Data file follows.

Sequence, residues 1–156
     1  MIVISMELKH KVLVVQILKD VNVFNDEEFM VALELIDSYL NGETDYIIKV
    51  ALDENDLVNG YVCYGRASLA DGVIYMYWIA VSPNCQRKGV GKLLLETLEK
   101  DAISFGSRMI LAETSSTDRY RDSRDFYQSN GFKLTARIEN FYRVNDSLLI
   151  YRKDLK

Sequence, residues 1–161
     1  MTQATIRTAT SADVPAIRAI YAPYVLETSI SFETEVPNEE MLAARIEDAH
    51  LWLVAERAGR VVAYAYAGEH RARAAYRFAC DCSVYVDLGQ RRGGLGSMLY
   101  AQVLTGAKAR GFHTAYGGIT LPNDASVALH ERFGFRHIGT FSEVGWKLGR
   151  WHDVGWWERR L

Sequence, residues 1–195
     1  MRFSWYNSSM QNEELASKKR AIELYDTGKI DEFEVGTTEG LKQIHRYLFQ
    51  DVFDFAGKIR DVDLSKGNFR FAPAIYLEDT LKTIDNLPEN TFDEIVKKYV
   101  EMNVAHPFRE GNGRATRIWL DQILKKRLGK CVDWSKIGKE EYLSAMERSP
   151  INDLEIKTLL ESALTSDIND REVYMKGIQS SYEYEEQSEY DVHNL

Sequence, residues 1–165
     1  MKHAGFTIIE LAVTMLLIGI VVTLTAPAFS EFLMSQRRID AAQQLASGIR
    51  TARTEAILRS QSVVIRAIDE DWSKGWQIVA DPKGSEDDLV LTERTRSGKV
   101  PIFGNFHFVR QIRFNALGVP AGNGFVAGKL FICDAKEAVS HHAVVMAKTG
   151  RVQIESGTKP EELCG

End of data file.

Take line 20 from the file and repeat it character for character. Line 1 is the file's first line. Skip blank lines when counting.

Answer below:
   151  RVQIESGTKP EELCG